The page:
We predicted that 4K TV would be a big focus at this year’s Consumer Electronic Show. It looks as though our prediction was correct, as most every company announced their version of the technology. Now that all the excitement of CES 2015 has worn off, it is time to look at what other developments are in the works this year. The expansion of technology makes these improvements almost commonplace in the market. Undoubtedly, you will see a lot of 4K throughout 2015, but we also think HDR will garner plenty of attention as well.
What is HDR?
HDR stands for high dynamic range and up until now has mostly been used by high-end cameras and smartphone apps. For cameras, this technology is able to combine several photos taken in a single burst for the best lighting conditions and exposure. When it comes to HDR video, the shooting process is done with an expanded range. The process is able to capture and separate lights and darks, rather than combining them. This allows a much wider array of color possibilities on the screen.
What makes it so great?
While 4K technology does a great job at providing more pixels to the viewer, HDR is different because it actually changes the picture. HDR technology has the ability to allow the viewer to see images as the human eye would. This means more vivid colors, deeper blacks and brights, and objects that stand out more. Scenes which are shot with HDR compatible cameras will be clearer and much more realistic.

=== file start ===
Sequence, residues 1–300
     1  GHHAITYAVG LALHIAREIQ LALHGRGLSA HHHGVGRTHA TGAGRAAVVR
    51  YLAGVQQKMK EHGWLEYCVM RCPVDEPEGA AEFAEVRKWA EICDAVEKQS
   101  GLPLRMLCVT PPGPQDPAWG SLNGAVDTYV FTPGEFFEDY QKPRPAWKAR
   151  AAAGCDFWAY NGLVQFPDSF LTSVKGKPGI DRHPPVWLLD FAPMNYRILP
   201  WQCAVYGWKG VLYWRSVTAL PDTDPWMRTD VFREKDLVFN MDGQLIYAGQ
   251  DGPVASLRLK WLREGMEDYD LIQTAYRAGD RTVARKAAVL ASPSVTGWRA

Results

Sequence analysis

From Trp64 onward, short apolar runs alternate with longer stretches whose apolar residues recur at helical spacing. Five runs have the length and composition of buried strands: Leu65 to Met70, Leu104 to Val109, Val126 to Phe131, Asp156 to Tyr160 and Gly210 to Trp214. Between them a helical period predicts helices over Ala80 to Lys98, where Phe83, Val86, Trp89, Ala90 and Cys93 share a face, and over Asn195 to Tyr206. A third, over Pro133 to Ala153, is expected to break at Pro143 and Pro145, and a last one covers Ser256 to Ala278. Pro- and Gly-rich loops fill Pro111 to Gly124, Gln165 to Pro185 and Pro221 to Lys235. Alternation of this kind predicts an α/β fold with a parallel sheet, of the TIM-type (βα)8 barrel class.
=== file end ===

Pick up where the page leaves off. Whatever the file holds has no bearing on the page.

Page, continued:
What makes it so real?
The key to HDR technology can be thought of in terms of brightness. Most TVs have a typical brightness of 400 nits (the unit used for measuring brightness) and some of the newer versions have up to 750 nits. HDR TVs can have a maximum of 1,000 nits. The increased brightness gives viewers a larger color scale, and brightness that mimics actual sunlight.
When can you get one?
Although we predict HDR will be massive in years to come, this technology is still in the experimental phase for both movies and TV. Several companies are already in the process of incorporating HDR technology into their Ultra HD TVs, but it could be a while before we see these on shelves. This is great news for the few companies such as Netflix and Warner Bros. who are already experimenting with HDR content. Our prediction is by 2016, the viewing standard will have made a heavy shift toward HDR.